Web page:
A Sustainable Entry

Fi­­ve UH Students Created an Art Car to Promote Sustainability

None of the students had ever been to the Houston Art Car Parade, but as it turned out, that wasn’t a problem. 

“I thought, ‘this is my thing,’” said Tygene Fox, who will graduate next month with an art degree. “I haven’t designed a car, but I’d like to.”

And so he and four other students set to work, chosen to design and build an art car as part of a project sponsored by CenterPoint Energy and organized by UH Energy. The team included students from the Gerald D. Hines College of Architecture and Design, the Cullen College of Engineering, the College of Liberal Arts and Social Sciences and the Kathrine G. McGovern College of the Arts.

four photos of work in progress

Elliott Martinez, top, uses a jigsaw to cut the Cougarbolts that would be attached to the car's roof. Bottom: Aman Handa, left, and Hanish Narang make sure a car cover protects the car's paint job.

Elliott Martinez, top, uses a jigsaw to cut the Cougarbolts that would be attached to the car's roof. Bottom: Aman Handa, left, and Hanish Narang make sure a car cover protects the car's paint job.

The city of Houston provided the car, a 2012 all-electric Nissan Leaf – students were told the design had to be detachable, allowing the car to return to city service – and CenterPoint provided the $2,500 budget. 

It was, mechanical engineering major Hanish Narang said, an opportunity to challenge themselves outside the classroom. “Can I actually do something with the knowledge that I have?”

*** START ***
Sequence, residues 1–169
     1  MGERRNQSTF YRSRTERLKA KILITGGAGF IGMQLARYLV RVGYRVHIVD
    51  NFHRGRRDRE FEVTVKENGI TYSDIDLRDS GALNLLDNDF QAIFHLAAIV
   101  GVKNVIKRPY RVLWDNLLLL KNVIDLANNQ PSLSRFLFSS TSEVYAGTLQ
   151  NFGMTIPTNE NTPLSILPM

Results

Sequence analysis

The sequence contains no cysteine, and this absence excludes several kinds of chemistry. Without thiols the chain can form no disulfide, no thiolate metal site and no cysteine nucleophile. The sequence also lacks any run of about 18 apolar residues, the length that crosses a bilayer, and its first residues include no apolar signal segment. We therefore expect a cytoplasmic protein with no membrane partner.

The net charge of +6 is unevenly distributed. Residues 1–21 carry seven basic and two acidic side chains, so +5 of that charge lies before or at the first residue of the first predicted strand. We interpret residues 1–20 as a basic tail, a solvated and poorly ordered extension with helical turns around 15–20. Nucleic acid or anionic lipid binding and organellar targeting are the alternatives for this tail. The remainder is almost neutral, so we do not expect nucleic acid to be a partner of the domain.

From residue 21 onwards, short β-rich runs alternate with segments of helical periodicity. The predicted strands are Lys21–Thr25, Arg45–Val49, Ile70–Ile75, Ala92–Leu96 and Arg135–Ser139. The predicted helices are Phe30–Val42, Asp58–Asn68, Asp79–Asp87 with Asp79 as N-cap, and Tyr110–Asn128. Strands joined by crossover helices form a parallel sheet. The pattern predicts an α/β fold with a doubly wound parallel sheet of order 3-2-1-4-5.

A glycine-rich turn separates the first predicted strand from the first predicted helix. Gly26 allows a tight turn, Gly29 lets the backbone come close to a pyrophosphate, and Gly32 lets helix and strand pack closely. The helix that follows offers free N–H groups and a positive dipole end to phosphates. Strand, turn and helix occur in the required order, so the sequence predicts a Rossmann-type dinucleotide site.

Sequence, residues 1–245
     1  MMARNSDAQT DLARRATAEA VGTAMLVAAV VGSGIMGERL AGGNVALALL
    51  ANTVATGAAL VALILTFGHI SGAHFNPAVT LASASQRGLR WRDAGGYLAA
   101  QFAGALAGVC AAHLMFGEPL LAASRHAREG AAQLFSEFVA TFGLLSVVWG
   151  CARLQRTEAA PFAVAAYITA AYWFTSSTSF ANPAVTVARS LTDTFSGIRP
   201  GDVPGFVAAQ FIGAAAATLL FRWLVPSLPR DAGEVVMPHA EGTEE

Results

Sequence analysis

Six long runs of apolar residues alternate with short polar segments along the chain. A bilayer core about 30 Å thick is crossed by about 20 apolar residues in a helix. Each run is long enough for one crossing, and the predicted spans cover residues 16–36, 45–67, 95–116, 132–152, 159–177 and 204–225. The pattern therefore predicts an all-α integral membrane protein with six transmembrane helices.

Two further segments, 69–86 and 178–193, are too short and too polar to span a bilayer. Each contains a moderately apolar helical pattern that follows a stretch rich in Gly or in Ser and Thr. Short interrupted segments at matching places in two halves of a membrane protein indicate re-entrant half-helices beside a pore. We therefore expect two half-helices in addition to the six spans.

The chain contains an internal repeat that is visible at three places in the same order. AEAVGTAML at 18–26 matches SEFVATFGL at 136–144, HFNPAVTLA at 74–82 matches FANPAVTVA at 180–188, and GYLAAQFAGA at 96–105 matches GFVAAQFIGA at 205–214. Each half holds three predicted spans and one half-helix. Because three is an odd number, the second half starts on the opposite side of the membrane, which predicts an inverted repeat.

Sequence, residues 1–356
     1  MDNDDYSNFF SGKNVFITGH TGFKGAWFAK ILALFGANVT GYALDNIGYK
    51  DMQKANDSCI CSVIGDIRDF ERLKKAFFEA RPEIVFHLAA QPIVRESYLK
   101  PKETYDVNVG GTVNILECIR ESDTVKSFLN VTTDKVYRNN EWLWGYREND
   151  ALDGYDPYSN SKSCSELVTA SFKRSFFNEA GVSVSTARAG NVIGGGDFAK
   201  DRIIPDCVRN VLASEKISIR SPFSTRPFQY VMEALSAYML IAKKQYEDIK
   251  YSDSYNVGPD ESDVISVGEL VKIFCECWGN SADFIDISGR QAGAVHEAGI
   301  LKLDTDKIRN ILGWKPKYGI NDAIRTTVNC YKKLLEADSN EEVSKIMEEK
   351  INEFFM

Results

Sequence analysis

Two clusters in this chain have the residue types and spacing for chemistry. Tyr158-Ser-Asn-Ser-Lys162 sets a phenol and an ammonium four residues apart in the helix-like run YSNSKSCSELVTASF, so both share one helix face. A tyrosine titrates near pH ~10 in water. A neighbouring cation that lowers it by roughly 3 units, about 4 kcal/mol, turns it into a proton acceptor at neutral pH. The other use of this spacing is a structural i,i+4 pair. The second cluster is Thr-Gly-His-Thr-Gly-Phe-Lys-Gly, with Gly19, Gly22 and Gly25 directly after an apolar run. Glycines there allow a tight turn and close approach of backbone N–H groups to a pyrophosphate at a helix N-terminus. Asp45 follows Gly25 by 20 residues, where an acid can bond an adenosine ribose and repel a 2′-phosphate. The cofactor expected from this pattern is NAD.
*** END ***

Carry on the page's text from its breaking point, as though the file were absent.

The students wanted real-life experience, a chance to demonstrate to themselves and to potential employers that they know both how to apply what they’ve learned in the classroom and to think outside the box as theory meets reality.

For the University, the interdisciplinary project met an important goal.

“In the real world,” said Ramanan Krishnamoorti, chief energy officer at UH, “almost every challenge requires experts with multi-disciplinary expertise to come together, think about issues and solve the challenge.”

But universities, by their nature, train students to be subject matter experts – knowledgeable about engineering, for example, but not always about architecture, history, biology or art.

UH Energy works to bridge that divide through projects that draw students from different majors and different colleges to work collaboratively. That may involve designing an energy efficient house or, as in this case, designing and building an art car around a specific theme.

The projects strengthen students’ so-called “soft skills,” Krishnamoorti said, as they learn to work with other people in a way that capitalizes on the expertise of each member of the team. The projects also are intended to be fun.

That was the appeal for Dani Amparo, a junior history major who had never been to the Art Car Parade although she had seen art cars cruising around the city.

“I thought it would not really be a challenge, but an experience,” she said.

But as parade day approached, there were challenges, too.

four photos, tygene, elliott, aman and dani

Tygene Fox, top left, applies a protective coating to the Houston skyline, which will be affixed to the car's doors. Top right, Elliott Martinez works in the Burdett Keeland Jr. Design & Exploration Center. Bottom left, Aman Handa works to attach part of the design, while Dani Amparo, bottom right, stitches a plastic shoe rack that she is converting to hold flowers for the parade.

Tygene Fox, top left, applies a protective coating to the Houston skyline, which will be affixed to the car's doors. Top right, Elliott Martinez works in the Burdett Keeland Jr. Design & Exploration Center. Bottom left, Aman Handa works to attach part of the design, while Dani Amparo, bottom right, stitches a plastic shoe rack that she is converting to hold flowers for the parade.